Back during its earliest days, the cloud was little more than a buzzword. Very few people understood what it did or how it worked, and even fewer trusted it within their organization. Flash-forward to the modern-day, and cloud computing has become downright ubiquitous.
Software-as-a-Service (SaaS) apps are just about everywhere, owing at least in part to their crucial role in keeping people connected during the pandemic. The fear, uncertainty, and doubt that were once commonplace have more or less been put to rest as more and more people have realized the value that the cloud can bring to their business. And last but certainly not least, cloud hosting has finally emerged as not just an alternative to other hosting methods but a viable competitor.
But what is cloud hosting, exactly? To explain that, we’ll first need to give a brief primer on virtualization, a term that’s far too often used interchangeably with cloud. Although there’s considerable overlap between the two—and although the former in many ways acts as a foundation for the latter—they are nevertheless distinct from one another:
- Virtualization decouples hardware from software. It allows you to simulate computer environments and resources on virtually any system with the necessary processing power. Multiple virtualized environments can often be run on a single server at the same time.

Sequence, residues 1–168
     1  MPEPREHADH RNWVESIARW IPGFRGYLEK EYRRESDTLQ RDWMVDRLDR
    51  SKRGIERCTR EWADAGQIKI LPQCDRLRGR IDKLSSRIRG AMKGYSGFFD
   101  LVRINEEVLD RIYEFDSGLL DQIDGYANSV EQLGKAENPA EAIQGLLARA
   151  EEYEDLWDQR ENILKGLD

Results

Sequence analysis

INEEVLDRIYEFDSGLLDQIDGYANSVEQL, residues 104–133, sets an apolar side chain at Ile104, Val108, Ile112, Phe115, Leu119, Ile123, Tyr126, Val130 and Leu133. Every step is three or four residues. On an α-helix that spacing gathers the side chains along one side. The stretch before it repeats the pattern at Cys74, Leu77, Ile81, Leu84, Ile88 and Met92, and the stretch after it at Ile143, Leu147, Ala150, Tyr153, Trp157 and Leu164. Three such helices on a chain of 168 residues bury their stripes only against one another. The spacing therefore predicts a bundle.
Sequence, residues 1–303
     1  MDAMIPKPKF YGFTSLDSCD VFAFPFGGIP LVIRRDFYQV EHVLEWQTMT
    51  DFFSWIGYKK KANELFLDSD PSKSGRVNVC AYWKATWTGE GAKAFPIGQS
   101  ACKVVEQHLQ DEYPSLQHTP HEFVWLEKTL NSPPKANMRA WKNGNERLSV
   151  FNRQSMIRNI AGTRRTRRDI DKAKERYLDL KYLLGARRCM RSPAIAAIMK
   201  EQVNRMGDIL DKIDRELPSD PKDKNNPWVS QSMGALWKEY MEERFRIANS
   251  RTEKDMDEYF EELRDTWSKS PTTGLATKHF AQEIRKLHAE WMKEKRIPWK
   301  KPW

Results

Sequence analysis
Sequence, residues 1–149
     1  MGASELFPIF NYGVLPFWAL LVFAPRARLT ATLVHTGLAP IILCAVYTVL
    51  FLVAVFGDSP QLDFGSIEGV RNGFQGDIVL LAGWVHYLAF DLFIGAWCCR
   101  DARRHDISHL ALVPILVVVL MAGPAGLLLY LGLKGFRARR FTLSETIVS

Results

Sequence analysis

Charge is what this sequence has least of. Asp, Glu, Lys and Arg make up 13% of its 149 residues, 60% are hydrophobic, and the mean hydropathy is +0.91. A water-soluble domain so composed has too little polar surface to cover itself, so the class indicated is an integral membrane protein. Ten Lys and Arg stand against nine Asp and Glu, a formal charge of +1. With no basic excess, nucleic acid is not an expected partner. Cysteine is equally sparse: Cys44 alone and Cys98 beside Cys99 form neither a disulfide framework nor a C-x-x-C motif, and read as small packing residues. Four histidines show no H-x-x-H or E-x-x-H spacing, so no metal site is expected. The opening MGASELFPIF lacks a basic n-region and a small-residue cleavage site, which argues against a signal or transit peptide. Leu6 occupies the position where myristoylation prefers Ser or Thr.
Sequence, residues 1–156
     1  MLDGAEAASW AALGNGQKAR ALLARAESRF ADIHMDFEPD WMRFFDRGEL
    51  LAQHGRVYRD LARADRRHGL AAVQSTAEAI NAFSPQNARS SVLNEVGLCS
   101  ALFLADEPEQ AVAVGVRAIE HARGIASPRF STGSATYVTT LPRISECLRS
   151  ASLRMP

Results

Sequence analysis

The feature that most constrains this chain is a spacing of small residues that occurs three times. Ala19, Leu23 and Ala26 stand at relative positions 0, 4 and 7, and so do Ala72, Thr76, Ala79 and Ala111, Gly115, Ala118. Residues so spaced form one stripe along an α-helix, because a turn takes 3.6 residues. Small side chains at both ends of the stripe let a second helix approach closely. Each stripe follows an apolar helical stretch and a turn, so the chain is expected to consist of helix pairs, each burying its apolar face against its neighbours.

- Cloud computing combines virtualization at scale with multiple other processes and services, including automated resources management, scaling, self-service capability, elasticity, and built-in redundancy.
Building on the above, it follows that cloud hosting is essentially a virtual server or virtual infrastructure provided to clients at scale. Compared to a traditional web host, it’s typically decentralized, offering far greater redundancy and stability than you’d get with a standard dedicated or virtual server. It’s also built with load balancing and availability in mind, and most cloud hosting solutions can dynamically scale up or down according to a client’s needs.
Other benefits of cloud hosting include:
- Cheaper than a dedicated server and more powerful than a virtual private server.
- The potential for significant upfront savings, as businesses have no need to spend time or resources on infrastructure.
- Lower total cost of operation, particularly for larger hosting plans with dynamic resource requirements.
- A streamlined backup process.
- High-availability services, coupled with business continuity and disaster recovery.
- The ability to effortlessly scale up or down on demand.
- Improved collaboration and support for hybrid work.
There was a time in the past when cloud hosting was little more than a buzzword to most people. Those days are long behind us. Today, most people are fully aware of the benefits offered by the cloud—and not solely from a hosting perspective. With an effective migration plan and the right technology expertise, cloud computing has the very real potential to transform your entire organization.
Check out Liberty Center One’s Cloud Computing Services here!